Through the NSERC Chair municipal partners, the group has access to several full-scale water treatment plants and is routinely involved with projects conducted at partner sites or using water collected from these plants. Some of these plants employ ozonation, biofiltration, UV irradiation, and/or sand ballasted upflow clarification providing a wide variety of real world treatment processes to investigate.
Bench-scale filters for Geosmin & MIB removal studies at the R.C. Harris Filteration Plant in Toronto
Extensive chemical analysis facilities are available as support for the various research projects. Standard water quality parameters such as pH, turbidity, oxidant residual, alkalinity and total organic carbon (TOC) are measured on a regular basis. Other parameters are determined on demand depending on the particular research objectives.
Method development and implementation of existing methods typically focus on the analysis of organic compounds which is usually accommodated by sophisticated sample preparation and advanced instrumentation including a high pressure liquid chromatograph (HPLC), an ion chromatograph (IC), a gas chromatograph (GC) and a gas chromatograph coupled with mass spectrophotometer (GC/MS). Methods to measure halogenated and non-halogenated disinfection by-products (THM, HAA, aldehydes, organic acids) are well established. We have recently acquired a GC/MS/MS to analyze for pharmaceuticals, endocrine disrupters, and personal care products in water.
Recently, emphasis in drinking water treatment research has shifted to investigation of UV and membrane processes. The Chair has access to a collimated beam UV apparatus and work is underway to assess particle shielding during UV irradiation.
In addition, the Chair has two flat sheet membrane test units and several hollow fiber test units. The flat sheets are provided by membrane manufacturers or in some cases can be cut from spiral wound cartridges. The flat sheet and hollow fiber membranes are being evaluated for the removal of turbidity, particles, pathogens, pharmaceutically active compounds, and endocrine disrupting substances. Major initiatives are underway in the area of membrane biofouling.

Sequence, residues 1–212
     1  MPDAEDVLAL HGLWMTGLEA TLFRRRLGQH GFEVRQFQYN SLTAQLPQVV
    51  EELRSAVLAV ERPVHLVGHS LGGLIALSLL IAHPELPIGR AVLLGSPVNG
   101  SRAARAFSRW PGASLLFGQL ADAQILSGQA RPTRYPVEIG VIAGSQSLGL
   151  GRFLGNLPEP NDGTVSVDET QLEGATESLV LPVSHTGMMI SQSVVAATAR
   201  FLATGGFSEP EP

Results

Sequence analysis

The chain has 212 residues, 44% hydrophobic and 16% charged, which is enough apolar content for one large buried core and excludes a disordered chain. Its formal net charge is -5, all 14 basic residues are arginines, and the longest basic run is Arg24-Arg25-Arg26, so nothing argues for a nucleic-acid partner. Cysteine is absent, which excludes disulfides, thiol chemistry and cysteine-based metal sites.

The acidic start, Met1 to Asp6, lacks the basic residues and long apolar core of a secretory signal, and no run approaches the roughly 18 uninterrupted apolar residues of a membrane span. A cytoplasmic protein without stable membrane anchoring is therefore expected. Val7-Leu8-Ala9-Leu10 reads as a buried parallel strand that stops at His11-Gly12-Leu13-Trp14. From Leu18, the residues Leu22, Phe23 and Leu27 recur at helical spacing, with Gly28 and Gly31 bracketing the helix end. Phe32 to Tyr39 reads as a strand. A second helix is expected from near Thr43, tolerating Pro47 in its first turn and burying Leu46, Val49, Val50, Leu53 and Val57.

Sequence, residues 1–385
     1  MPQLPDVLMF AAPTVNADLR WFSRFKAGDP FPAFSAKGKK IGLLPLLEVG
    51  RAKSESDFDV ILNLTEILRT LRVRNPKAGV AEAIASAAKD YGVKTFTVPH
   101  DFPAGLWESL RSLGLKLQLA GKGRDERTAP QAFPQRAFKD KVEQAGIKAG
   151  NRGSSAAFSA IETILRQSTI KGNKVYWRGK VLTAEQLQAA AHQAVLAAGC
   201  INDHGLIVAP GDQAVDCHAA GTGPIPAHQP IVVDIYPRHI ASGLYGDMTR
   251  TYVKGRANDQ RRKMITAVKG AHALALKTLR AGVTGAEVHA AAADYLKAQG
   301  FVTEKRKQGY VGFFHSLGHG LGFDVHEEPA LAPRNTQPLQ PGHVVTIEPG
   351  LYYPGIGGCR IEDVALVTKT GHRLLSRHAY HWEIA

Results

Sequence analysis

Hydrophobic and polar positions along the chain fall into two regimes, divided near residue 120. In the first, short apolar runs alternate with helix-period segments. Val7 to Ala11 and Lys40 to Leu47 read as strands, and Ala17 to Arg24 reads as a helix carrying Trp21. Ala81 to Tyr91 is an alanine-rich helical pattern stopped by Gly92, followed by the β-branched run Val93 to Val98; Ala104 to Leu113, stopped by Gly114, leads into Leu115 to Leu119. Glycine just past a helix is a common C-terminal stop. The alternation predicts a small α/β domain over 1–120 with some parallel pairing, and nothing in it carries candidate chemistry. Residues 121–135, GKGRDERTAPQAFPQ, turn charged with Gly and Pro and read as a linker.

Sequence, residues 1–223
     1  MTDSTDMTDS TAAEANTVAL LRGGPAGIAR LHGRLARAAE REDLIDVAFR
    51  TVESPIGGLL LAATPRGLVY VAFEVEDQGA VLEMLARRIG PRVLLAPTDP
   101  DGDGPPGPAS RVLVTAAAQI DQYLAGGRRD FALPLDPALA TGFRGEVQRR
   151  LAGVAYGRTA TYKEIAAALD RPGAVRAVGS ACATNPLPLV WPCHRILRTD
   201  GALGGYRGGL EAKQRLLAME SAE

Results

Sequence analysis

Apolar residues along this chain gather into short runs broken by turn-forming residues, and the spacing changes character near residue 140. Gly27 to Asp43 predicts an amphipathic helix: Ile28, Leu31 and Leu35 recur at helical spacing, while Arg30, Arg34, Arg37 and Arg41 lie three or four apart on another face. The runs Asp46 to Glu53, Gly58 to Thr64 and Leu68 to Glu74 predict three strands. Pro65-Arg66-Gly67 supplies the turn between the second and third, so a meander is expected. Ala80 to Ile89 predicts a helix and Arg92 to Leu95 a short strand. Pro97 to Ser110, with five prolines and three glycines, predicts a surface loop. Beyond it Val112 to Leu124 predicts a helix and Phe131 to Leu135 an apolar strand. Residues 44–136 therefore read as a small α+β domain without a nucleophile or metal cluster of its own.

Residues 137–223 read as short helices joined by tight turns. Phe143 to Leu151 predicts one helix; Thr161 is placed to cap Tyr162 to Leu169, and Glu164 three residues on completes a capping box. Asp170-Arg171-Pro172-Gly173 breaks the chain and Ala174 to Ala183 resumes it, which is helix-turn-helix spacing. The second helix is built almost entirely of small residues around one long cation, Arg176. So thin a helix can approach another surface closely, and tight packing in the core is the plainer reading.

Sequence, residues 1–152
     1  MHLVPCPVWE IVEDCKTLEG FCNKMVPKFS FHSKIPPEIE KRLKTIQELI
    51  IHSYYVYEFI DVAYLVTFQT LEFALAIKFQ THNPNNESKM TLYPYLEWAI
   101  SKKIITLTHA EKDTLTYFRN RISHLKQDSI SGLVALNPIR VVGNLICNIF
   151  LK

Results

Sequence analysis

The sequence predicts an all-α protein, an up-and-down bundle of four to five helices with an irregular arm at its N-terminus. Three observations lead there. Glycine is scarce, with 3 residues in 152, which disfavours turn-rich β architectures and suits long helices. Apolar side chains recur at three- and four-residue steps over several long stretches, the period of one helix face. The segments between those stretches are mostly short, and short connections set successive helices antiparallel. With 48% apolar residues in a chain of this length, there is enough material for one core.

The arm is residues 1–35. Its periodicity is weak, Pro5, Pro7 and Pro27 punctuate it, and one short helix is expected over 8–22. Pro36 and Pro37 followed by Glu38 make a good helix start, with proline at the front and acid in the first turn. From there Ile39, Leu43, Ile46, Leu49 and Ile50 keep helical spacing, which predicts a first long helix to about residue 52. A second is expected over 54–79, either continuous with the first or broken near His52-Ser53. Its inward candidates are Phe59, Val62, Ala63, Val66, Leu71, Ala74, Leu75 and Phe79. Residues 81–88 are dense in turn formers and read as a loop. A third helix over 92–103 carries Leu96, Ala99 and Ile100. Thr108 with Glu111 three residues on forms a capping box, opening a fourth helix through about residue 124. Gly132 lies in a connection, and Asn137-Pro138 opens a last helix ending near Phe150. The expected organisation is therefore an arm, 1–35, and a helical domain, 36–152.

A new addition to our laboratory is a dynamic particle analyzer. As well as being able to count particles within a wide variety of size ranges in water, this instrument captures a digital image of every particle contained within a volume (typically one or more ml) as the sample flows through a micro-fluidic cell.
The system software analyzes these images in real time to produce accurate particle size distributions and captures images meeting user-selected criteria. These images can help researchers to determine the origin and type of particles which are present (bacteria, protozoans, diatoms, cell debris, floc, GAC fines, etc.)
The Chair team has a well-equipped Level 2 microbiology laboratory. Water and environmental samples can be processed for microbial analysis by various techniques including membrane filtration. Molecular biological detection of various microorganisms is also available by quantitative Polymerase Chain Reaction Unit (PCR).
General equipment include a Level 2 biohazard hood, centrifuges, UV/VIS spectrophotometer, incubators equipped with shakers and a C02 environmental chamber, autoclaves, and an ultrapure water system. The laboratory also has specialized equipment including:
- Two-phase contrast microscopes with UV fluorescence capability, and one with Nomarski DIC optics and an image analysis system
- Quantitative (real-time) PCR detection system which allows us to identify and enumerate pathogens in water
- Biolog® detection system for bacterial identification.
Methods are available for testing general water quality indicators, microbial pathogens, and various groups of environmental significance. Past research projects include detection of ammonia-oxidizing bacteria, Bacillus spores, bacteriophage, Gram-negative endotoxin, Cryptosporidium and Giardia, Campylobacter sp. and pathogenic E. coli. Current research projects are working to develop methods for quantitative PCR of a number of pathogens.